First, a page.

The information respecting the first clocks indicating by means of weights and wheels, is of a scanty nature. Gesner, an old English writer, says that in 1326, Richard of Wallingford, Abbot of St. Albans, "by a miracle of art" constructed a clock which had not its equal in Europe, and was called “Albion" by its inventor. Captain Smith, in a communication to the Antiquarian Society, in 1851, states that there is at present in Dover Castle a clock bearing the date of 1348. Charles the Fifth, surnamed the Wise, of France, caused a clock to be made for his palace, by De Vick, a German. This clock had a crown wheel escapement, similar to that of a bottle-jack at the present day. In 1382, upon the French entering the city of Cortray, the Duke of Burgundy ordered a clock which struck the hours to be taken away: it is at present at Notre Dame. The workmanship of these early clocks was of so rude a character, that minutes were too small for them to indicate; in fact, most of the ancient clocks were made with the hour hand only. There is a clock in the church of Rye, the dial of which is rather less than 8 feet in diameter. It strikes the hours and quarters, and has a pendulum 18 feet long; the bob is of lead, and weiglıs about 56lbs. There is a tradition in the town that this clock was taken from the Spanish Armada, in the year 1588, and presented to the town by Queen Elizabeth. This cannot be founded on fact, as will be seen from the following extract:“1513.—-Paid the cooper for a barrel for the chime 6 2 1515.-For working upon the frame and dial of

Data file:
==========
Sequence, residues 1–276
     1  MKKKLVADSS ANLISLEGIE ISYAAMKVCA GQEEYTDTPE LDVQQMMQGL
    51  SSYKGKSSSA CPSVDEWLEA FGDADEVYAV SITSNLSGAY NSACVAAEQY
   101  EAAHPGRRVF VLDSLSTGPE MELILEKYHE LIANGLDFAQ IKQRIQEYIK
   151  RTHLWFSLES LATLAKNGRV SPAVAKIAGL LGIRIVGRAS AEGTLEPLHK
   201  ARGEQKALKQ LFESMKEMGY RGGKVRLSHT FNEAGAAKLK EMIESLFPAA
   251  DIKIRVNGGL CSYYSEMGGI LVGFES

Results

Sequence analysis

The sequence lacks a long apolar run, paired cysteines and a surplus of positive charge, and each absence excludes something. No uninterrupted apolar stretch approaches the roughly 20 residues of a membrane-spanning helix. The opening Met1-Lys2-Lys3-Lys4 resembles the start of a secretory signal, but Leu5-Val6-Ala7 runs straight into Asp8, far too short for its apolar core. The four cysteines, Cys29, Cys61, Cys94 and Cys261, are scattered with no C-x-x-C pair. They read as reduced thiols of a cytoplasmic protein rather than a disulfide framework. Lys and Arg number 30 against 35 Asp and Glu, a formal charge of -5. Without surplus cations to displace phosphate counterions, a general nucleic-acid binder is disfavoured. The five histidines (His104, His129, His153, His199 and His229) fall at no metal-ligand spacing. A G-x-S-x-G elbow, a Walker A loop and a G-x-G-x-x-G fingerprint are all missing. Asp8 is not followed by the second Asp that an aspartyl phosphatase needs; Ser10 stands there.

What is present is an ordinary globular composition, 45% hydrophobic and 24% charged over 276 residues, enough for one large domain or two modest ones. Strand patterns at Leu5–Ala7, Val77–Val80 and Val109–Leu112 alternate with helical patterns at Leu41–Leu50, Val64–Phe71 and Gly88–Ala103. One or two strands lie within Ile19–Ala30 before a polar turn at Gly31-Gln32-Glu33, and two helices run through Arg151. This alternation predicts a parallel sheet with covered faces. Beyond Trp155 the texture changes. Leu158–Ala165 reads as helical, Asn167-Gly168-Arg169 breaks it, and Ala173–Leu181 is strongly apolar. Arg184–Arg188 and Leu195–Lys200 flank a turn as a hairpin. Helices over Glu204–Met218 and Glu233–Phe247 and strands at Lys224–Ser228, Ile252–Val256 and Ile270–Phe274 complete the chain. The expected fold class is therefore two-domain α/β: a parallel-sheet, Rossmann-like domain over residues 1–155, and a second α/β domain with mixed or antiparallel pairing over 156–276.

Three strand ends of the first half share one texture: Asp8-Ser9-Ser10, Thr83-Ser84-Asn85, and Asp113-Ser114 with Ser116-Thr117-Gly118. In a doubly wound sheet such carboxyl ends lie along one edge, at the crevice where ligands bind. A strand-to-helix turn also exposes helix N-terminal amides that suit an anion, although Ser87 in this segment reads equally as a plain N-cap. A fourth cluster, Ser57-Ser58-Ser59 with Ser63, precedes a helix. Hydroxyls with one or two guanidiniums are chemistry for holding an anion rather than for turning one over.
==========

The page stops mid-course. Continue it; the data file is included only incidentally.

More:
the clock in the steeple..
The man who made the clock-work and dial 2 6 8
The man of Winchelsea, who made the

clock-work, in full payment of his
bargain

..0 6 8 1561.-For making the chimes to ring

..0 16 There is every reason to believe that the pendulum is an addition to the clock since the above dates, and that it formerly had a crown wheel escapement, similar to that in De Vick's clock: it is now going. I am indebted to the courtesy of W. Holloway, Esq., of Rye, for the foregoing particulars.